Update config.js with your Text to Speech credentials.

Congratulations! You survived the credentials section!

Step 6: Run the Code

All we need to do is to run the module. Open a terminal, go to the tjweather/ folder where the code is located and execute the following command:

node weather.js

Now you can talk to your robot through the microphone and it talks back! Try "Watson what is the weather in San Francisco, California? "

Remember, right now, this is a weather bot which understands your question if you have “weather” in your question. Also, you need to specify a city and state in the U.S.A.

You need an attention word to wake up your robot. The default attention word is 'Watson', but you can change it to your own word. Please keep this in mind that some words are easier for machine to recognize. If decided to change the attention word, experiment with multiple words and pick the one that is easier for the machine to recognize.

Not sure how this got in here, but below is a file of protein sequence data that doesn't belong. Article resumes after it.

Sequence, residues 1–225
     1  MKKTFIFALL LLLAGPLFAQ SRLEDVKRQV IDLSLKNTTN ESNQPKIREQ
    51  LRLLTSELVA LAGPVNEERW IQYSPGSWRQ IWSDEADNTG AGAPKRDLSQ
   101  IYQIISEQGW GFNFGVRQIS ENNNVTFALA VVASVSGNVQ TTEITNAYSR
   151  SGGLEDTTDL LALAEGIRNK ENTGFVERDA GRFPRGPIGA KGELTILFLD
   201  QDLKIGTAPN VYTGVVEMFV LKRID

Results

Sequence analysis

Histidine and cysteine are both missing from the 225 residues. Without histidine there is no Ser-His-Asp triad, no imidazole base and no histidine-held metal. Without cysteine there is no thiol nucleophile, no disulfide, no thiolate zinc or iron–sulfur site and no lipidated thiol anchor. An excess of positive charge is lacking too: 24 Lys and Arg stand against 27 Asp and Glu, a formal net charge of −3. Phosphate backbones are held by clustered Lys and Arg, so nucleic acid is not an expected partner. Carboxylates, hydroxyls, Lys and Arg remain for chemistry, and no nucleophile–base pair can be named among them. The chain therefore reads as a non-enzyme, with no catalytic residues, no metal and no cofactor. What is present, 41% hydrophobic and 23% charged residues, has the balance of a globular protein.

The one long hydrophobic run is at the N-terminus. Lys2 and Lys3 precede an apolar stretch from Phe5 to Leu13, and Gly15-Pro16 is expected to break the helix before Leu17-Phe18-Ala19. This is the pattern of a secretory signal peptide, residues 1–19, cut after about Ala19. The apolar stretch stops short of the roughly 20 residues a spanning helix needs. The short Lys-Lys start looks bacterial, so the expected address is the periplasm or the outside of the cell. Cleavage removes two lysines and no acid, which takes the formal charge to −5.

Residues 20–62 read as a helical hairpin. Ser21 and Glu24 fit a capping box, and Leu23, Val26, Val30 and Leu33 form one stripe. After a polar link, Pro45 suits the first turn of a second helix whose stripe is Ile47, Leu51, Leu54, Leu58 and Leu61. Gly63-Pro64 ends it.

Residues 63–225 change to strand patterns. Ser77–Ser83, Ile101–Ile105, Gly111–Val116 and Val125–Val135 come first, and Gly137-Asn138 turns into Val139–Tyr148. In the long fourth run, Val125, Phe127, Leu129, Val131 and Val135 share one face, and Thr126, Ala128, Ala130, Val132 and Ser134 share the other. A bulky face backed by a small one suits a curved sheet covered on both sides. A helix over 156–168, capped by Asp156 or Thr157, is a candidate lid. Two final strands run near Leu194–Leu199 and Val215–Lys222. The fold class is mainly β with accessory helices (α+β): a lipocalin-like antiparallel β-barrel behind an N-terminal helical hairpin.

You can also change the voice of the robot. Three voice options are available for you. The default voice is Michael's voice (en-US_MichaelVoice), but you can change it to female voices ( en-US_AllisonVoice or en-US_LisaVoice). You can change both the attention word and the voice model from config.js.

A working demo can be viewed here.

Enjoy! Don't forget to share a picture/video of your setup #TJBot!

<p>I am just now trying to run the program and it is throwing me a lot of compiling errors, particularly about the use of strict mode in index.js. Am I doing something wrong, or is the code being weird?</p>
<p>That's neat :) Do you have a video of it working?</p>
<p>Thanks for the feedback. I am working on a video!</p>
<p>that will be cool</p>